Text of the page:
A bill paving the way for two-thirds of voters to approve changes to Florida’s Constitution is ready for the House floor after its final committee Monday.
HJR 57, filed by Rep. Rick Roth, would change the passage requirement from its current 60 percent to 66.66 percent.
Roth’s bill itself is a proposed constitutional amendment because the 60 percent threshold was put into the Florida Constitution in 2006. A previous attempt to raise the threshold to two-thirds died in committee.
“If this passes out of the Legislature, we’re putting it on the ballot for the voters to decide,” Roth said.
The State Affairs Committee’s jammed agenda allowed just a half hour to consider the measure, which passed with 15 yes votes and six no votes.
Had a two-thirds requirement been in effect in 2018, only four amendments would have passed. Among those that would have failed: Amendment 4, the voter rights restoration amendment.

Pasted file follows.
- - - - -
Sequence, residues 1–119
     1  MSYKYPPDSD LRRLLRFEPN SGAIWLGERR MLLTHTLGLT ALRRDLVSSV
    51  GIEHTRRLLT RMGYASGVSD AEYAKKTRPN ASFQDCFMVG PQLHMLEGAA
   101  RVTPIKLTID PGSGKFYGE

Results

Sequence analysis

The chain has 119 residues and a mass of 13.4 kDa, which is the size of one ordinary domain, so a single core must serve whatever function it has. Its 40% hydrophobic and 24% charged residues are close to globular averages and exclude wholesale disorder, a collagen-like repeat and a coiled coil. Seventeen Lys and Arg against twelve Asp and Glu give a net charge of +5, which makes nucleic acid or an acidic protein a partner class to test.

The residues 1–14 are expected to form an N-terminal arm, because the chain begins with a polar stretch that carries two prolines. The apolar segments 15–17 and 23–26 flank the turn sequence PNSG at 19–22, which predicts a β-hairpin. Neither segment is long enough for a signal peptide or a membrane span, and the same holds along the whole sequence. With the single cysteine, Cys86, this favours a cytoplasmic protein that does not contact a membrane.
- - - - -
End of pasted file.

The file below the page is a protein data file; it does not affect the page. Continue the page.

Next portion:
Roth, a Republican from Palm Beach Gardens, said Florida “is the most aggressive state in amending its Constitution.”
“This resolution will protect Florida’s voters and Constitution,” he added.
Roth’s ultimate ire seemed to be with amendments from a bygone era, including the “pregnant pig” amendment in 2002.
Sarasota Democratic Rep. Margaret Good pressed Roth for details regarding how the supermajority would have affected citizen amendments. He noted that when the threshold for passage went up, the likelihood of an amendment passing went down.
“My concern is that when the Legislature’s not doing what the voters intended … we’re raising the bar,” Good said.
Roth suggested raising the threshold is the best way to “defend the Constitution” from people from out of state who would change it for reasons he didn’t say.
“It’s a very simple amendment,” Roth said.
Roth noted the amendment would apply to the Legislature, saying the bill “restricts the authority of the majority party.”
Rep. Wengay Newton, a St. Petersburg Democrat, noted a central irony: Many of those with an interest in amendments also are big donors to political campaigns, including campaigns of those on the dais.
GOP Rep. Scott Plakon of Longwood rebutted that “powerful special interests” were gaming the amendment process, and that the Constitution as a foundational document should be hard to amend.
“It should be a significant majority of voters,” Plakon said, “and two-thirds is the right number.”
The Senate bill still has two committees left, though, putting the measure’s ultimate fate in question.